first_imgUPDATED: May 11, 2018 at 9:48 p.m.On Tuesday, Gabriela Knutson said a first-round loss to No. 35 Wichita State would be “embarrassing.” Three days later, the Shockers upset No. 27 Syracuse (17-8, 8-6 Atlantic Coast) in dominating fashion, 4-1, at Palmer/Salloum Tennis Center in Oxford, Mississippi.After dropping the first point of the match, SU could not recover in singles. Knutson and Miranda Ramirez’s hopes of facing No. 6 Ole Miss in the second round of NCAA tournament never came to fruition even though SU was a favorite to win its first-round matchup. The Orange’s problems started with an early deficit. No. 8 Knutson and Ramirez opened their doubles match against WSU’s No. 72 Fatima Bizhukova and Marta Bellucco up 4-2. On the other side of the courts, SU was down in second and third doubles. With two victories needed to take the first point of the match, the Orange could not even muster one. After Masha Tritou and Dina Hegab dropped their third doubles match, 1-6, Knutson and Ramirez lost four straight games to clinch the doubles point for the Shockers. Down a point, SU needed to win four of its six singles matches to beat WSU. AdvertisementThis is placeholder textEarly on, SU’s best three players were overmatched by WSU’s top half of the lineup. Sofya Golubovskaya was blindsided by the play of No. 124 Sandra Honigova from the start. The SU freshman only won two of 14 games, and her loss gave the Shockers a two-point lead. Next to Golubovskaya, Ramirez struggled in second singles. Ramirez took the first game of the match after a pair of forehand winners, but her early lead erased quickly. Down 1-4, the sophomore started to get frustrated after floating a couple of shots past the endline. After a 2-6 first set defeat, Ramirez dealt with identical problems and dropped her second set in similar fashion. The 2-6, 2-6 loss meant the Orange’s chances of a victory were becoming bleak. The attention turned to No. 5 Knutson. SU’s first singles player, who hadn’t dropped a match to a player currently ranked outside of the top 10 all season, was overmatched from the start. Knutson’s opponent, WSU’s No. 72 Fatima Bizhukova, dominated with her serve early. By countering Knutson’s first serve, Bizhukova started to take early points and took a 4-0 lead. As Knutson fought back, she started to overhit her targets and couldn’t hold on in rallies resulting in a 2-6 first set loss. Knutson opened the second set with her forehand to put herself up early. As the score leveled at 2-2, Knutson started to slow down as Bizhukova began to exploit the middle of the court. As the end of the match neared, Knutson threw her hands up in the air and hit her racket to the ground as she missed an easy forehand winner that floated out of bounds at 3-5. In a day filled with missed opportunities from Syracuse, Knutson summed up the match with that one reaction: utter frustration. Knutson’s 2-6, 3-6 loss clinched the match for the Shockers and ended SU’s season.In a year where Syracuse more than doubled its win total, knocked off then-No. 3 Georgia Tech and boasted a winning conference record for the first time in five years, the Orange’s season ended to a team that didn’t have a top-35 win on the season, until Friday.CORRECTION: In a previous version of this article, Marta Bellucco was misnamed. The Daily Orange regrets this error.  Comments Facebook Twitter Google+ Published on May 11, 2018 at 3:35 pm Contact KJ: kjedelma@syr.edu | @KJEdelmanlast_img read more

Tyus Battle’s game-winner lifts Syracuse to win over former conference-foe Georgetown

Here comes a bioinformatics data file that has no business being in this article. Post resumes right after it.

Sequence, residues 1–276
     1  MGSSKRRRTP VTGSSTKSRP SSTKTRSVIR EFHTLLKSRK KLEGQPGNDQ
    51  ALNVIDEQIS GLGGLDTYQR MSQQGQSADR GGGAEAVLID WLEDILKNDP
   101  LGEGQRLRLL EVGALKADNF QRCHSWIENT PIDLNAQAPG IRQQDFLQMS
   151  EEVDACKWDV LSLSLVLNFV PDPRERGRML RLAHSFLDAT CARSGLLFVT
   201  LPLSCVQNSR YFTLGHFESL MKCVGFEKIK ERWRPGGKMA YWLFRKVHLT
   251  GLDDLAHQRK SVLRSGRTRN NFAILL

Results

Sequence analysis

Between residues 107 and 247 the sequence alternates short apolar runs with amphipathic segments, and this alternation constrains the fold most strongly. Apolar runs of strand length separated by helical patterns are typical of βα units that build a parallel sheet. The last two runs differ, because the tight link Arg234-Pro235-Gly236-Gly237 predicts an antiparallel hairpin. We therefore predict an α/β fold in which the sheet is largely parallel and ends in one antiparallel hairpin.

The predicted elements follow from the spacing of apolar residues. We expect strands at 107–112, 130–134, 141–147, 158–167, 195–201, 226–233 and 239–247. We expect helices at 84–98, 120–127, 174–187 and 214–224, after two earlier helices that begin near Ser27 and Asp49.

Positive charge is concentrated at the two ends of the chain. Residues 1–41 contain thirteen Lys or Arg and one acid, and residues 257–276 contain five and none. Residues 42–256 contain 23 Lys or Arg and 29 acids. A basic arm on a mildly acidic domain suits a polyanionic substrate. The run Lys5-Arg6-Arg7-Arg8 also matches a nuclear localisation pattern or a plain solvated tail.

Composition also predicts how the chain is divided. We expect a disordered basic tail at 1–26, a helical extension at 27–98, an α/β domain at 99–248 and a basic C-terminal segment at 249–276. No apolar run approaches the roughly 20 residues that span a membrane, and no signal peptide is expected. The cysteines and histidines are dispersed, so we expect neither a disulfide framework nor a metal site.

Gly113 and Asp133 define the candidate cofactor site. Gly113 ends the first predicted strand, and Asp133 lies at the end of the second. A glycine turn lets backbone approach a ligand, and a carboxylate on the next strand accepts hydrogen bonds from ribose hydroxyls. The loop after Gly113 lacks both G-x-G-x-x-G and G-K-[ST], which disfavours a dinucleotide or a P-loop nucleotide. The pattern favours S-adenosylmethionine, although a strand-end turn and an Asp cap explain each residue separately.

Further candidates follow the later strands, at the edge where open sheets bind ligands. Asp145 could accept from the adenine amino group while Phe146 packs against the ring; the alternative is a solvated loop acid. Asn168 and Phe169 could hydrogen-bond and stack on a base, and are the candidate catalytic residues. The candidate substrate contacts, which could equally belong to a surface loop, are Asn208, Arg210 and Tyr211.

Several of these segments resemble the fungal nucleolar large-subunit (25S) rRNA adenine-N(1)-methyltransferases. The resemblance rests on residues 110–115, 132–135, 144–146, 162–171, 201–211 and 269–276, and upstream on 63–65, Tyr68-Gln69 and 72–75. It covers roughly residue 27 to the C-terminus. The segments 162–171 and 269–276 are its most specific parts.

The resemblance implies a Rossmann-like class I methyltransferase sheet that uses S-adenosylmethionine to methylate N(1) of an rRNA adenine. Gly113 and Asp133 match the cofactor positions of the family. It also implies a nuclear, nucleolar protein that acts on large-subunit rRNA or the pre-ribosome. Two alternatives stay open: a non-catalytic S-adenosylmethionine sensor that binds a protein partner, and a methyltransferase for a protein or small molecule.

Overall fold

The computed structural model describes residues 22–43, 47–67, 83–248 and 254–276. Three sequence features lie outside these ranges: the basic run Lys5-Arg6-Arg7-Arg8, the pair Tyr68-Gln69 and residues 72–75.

first_img Published on December 8, 2018 at 5:48 pm Contact Charlie: csdistur@syr.edu | @charliedisturco Syracuse had relied on Battle heavily last season. If he didn’t score 20-plus points per game, it often would result in a loss. This season, when he struggled, other players were there to pick him up.He had just eight points in the season opener against Eastern Washington. Oshae Brissett carried the Orange with 20 points and eight rebounds. He had just two points against Northeastern. Again, Brissett, carried the burden, putting up 21 points and 14 rebounds.But this time, there was nobody to help out. If Battle didn’t come alive, Syracuse was dead in the water.“I’ve been doing it since I picked up a basketball,” Battle said. “I love last-second shots, pressure situations.”Alexandra Moreo | Senior Staff PhotographerWith 37 seconds left, that high-pressure opportunity came for Battle, a chance to give the Orange the lead. His jumper missed and Georgetown controlled possession.Nearly 25 seconds later, Jagan Mosely drove toward the hoop. He lowered his shoulder and trucked Marek Dolezaj. Offensive foul.Syracuse had another chance. Battle took it.Swish. Inside the Carrier Dome, it was silent. The crowd watched as Tyus Battle’s pull-up jumper made its way through the air and toward the hoop in the final seconds of the game with the Orange down one.Swish.The Carrier Dome erupted.The cheers wouldn’t subside until minutes after Georgetown’s last-second heave came up short. Somehow, Syracuse (7-2) erased a 15-point deficit to comeback and take down its former Big East rival Georgetown (7-2), winning its fifth straight, 72-71, on Saturday afternoon in front of 24,082 fans. It was a whirlwind of a game, one that saw SU shoot 7.1 percent from 3 in the first half. One that saw a 17-4 run quickly propel the Orange back into contention. One that was magically orchestrated by the hands of Battle.“He’s made a lot of big shots,” SU head coach Jim Boeheim said. “Probably as much or more than anybody we’ve ever had here in late-game situations.”AdvertisementThis is placeholder textIt began early for Battle. In his freshman year, Battle nailed a corner 3 to upset Clemson. A year later, he tallied nine-straight points to stave off Maryland and drained the late 3 to pull SU within two in an eventual win over Georgetown in last year’s matchup between the two teams.The first half of this year’s matchup was one to forget for Syracuse. The Hoyas used a packed-in defense and forced the Orange to beat them via the long ball. It was a smart strategy, considering SU is among the worst 3-point shooting teams in the NCAA.“The first half, Georgetown was more physical,” Boeheim said. “They got up in us, we ended up shooting more difficult 3s.”Alexandra Moreo | Senior Staff PhotographerSyracuse shot 7.1 percent from 3 in the first frame. Battle himself, missed a pair from beyond the arc. He had just one basket — an offensive rebound and lay-up off a missed free throw — and shot 1-for-8.Then, in the locker room during halftime, with Syracuse trailing by double digits, Boeheim “challenged” him. He told Battle that the team cannot win with the way he was playing. He had to take over the game.“I can’t repeat all the stuff,” Battle said with a smile. “It woke me up and got me going. That’s why he’s a Hall of Famer.”Walking out of the tunnel, Battle changed his mindset, he said. Focus on transition buckets. Get to the free throw line more. Attack. Once he did that, the rest of his game would follow.Right away, Battle came out firing. First, it was a corner 3. Then it was a drive to the hoop, drawing a foul. He sunk both free throws. A quick stutter-step and drive to the basket, and Battle converted an and-1. He was even triple-teamed and nailed a baseline jumper.All of a sudden, the Orange propelled themselves into the game.Anything Georgetown threw at the junior, he had an answer for. Battle was unconscious. In the second half, he shot 7-for-10, including a 50-percent clip from 3.“A lot of people might fold in the position that he was in,” said freshman point guard Jalen Carey, who made a clutch 3 late in the game. “Lot of pressure on him. He didn’t play well in the first half, but it’s how you respond to the criticism and how you respond to what coach said.”More coverage:2nd half boost, hot shooting and more takeaways from Syracuse’s win over GeorgetownJalen Carey’s impact helps Syracuse in comeback against Georgetown Facebook Twitter Google+ Commentslast_img read more